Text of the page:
Sunshine Coast Noosa
Spanish mackerel from a recent Trekka 2 charter to Sunshine Reef.

Sunshine Coast Noosa – weekly report

While the wind persists and the swell continues to hit the bar, the offshore scene has experienced less traffic. Some boat owners braved the bar and took their time to make it safely across the set waves. A full moon mid-week meant conditions were tough, with a slow morning bite and winds picking up mid-morning, the opportunities were in short supply. Sunshine Coast Noosa

Those who went out ventured to North Reef and wide from Sunshine Reef to find the cleaner water. Pre-rain and wind, mackerel were in close feeding on the big bait schools. The dirtier water has now pushed them out wide into deeper water. Those who went out found spanish mackerel on the troll using a mix of Rapala and Halco deep divers. Top tip when doing this is to not run heavy lines and leaders, remembering that mackerel will bite through almost anything. Sunshine Coast Noosa

Once we see the wind drop off and the swell become more manageable, fishing should be some of the best going. The reefs have had many weeks reprieve from daily traffic and as such have had more time off. As for sharks, we will have to wait and see but assume they are still there for now. Sunshine Coast Noosa

Surf fishing has also been a bit quieter due to the wind and swell, however the inshore gutters have been the target. These are well within casting distance for most anglers and are holding smaller whiting and bream, and of course small dart. These fish do not require traditional 12’ rods and heavy lines and are more fun to target on smaller whiting rods with lighter 6-10lb lines.

Sunshine Coast Noosa
Darren Simpson with a solid buck mud crab.

With the focus still in the rivers, it comes as no surprise that more fish are reported from here. Flathead, bream and whiting are the main targets for most anglers. These are generally the easier fish to catch, with the lower part of the river the best place to find them. For bait anglers, now is the time to break out the light stuff and use well-presented bait on smaller size 6-8 hooks. It is important to match your bait to the hook size because the name of the game is to hide the hook and not have it on display.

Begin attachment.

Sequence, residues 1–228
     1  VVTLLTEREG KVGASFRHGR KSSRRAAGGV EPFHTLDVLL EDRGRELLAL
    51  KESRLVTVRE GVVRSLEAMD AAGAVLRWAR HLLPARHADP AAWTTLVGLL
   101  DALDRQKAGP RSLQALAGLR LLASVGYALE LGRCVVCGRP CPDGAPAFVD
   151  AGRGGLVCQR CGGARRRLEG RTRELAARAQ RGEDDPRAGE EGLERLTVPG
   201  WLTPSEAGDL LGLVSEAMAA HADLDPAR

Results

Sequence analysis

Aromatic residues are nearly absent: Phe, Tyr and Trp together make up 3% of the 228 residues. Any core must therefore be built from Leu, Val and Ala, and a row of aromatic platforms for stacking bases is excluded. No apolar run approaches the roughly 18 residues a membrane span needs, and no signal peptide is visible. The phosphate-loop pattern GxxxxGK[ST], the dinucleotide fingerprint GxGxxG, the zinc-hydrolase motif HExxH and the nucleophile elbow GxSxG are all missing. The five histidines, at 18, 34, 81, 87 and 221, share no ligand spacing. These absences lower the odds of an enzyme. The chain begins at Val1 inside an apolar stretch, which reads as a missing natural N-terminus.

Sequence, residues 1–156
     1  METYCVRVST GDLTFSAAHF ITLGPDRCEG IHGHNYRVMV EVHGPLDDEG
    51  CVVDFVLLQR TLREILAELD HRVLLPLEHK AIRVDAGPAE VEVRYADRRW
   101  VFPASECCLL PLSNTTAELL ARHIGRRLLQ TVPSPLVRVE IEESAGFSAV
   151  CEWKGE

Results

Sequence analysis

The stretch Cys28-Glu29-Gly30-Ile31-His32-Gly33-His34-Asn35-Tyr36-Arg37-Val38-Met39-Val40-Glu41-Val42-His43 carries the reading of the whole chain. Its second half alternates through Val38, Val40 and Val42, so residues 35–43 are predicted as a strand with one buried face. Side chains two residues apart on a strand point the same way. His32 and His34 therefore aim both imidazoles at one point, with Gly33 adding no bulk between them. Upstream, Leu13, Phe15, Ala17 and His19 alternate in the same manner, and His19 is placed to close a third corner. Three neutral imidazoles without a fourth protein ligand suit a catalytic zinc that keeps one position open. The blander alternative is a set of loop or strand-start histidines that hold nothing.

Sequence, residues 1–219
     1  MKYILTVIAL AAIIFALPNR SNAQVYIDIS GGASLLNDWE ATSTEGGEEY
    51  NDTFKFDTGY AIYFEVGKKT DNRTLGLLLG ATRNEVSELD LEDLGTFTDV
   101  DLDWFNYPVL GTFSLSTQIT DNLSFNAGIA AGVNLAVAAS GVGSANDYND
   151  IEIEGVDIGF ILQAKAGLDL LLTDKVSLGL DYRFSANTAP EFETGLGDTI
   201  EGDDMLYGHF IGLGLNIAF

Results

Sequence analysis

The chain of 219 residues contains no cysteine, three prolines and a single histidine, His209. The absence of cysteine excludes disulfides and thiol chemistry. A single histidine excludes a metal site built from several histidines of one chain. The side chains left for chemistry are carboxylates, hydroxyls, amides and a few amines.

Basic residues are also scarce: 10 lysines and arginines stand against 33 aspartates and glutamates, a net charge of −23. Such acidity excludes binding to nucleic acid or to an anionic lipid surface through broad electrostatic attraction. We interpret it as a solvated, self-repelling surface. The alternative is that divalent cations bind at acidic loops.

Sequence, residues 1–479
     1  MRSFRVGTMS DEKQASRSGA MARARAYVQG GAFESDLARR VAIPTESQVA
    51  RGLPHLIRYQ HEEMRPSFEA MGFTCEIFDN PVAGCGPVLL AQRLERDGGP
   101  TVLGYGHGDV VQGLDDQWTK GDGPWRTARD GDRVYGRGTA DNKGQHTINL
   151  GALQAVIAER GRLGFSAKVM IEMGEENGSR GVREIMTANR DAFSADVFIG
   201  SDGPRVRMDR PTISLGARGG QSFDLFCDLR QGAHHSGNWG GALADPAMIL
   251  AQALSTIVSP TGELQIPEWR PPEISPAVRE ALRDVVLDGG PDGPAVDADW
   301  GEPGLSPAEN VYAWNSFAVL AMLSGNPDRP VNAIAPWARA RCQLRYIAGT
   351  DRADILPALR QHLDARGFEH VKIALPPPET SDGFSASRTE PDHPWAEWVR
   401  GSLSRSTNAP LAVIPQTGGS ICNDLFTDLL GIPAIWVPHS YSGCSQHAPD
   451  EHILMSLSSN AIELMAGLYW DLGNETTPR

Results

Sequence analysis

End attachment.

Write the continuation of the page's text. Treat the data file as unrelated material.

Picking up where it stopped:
For those looking at getting setup, we carry a huge range of tackle for fishing in the estuary and can show you knots and bait rigging techniques. For those who won crab pots, mud crabs are still on the move and this is the best season for crabbing the coast has seen in a long time. If looking to get started, we carry a wide range of pots and have all the accessories to get you compliant, including plenty of bait.

Away from the river, the dams are murky – causing a slower surface bite. It is always worth trying first and last light, especially if you find a patch of water with some structure free from weed. The cicadas are about, so grab a Tiemco Soft Shell Cicada and cast around the base of trees and overhanging shrubs. Be sure to keep it motionless for a while and tap your rod tip to send small vibrations down to the lure. This vibration will be detected by bass, allowing them to hone in and blow up on the surface.

Borumba has a lot of vegetation floating on the surface, which shows you which way the wind is blowing. Often bass will follow this vegetation because insects get caught up in it. If you have an electric motor, you would be wise to spot lock in a bay and spend some time watching and seeing if you have found the fish. If ever you have thought about an electric motor but need help, we can certainly advise you on the best option for your boat.

Now for all the latest information, log onto for up-to-date bar and fishing reports, and don’t forget to drop into Tackle World Noosa, Noosa Boating and Outdoors and Northshore Bait & Tackle in Marcoola for all the right equipment, bait and advice to get you catching.

Be sure to follow us on Facebook and remember tight lines and bent spines!

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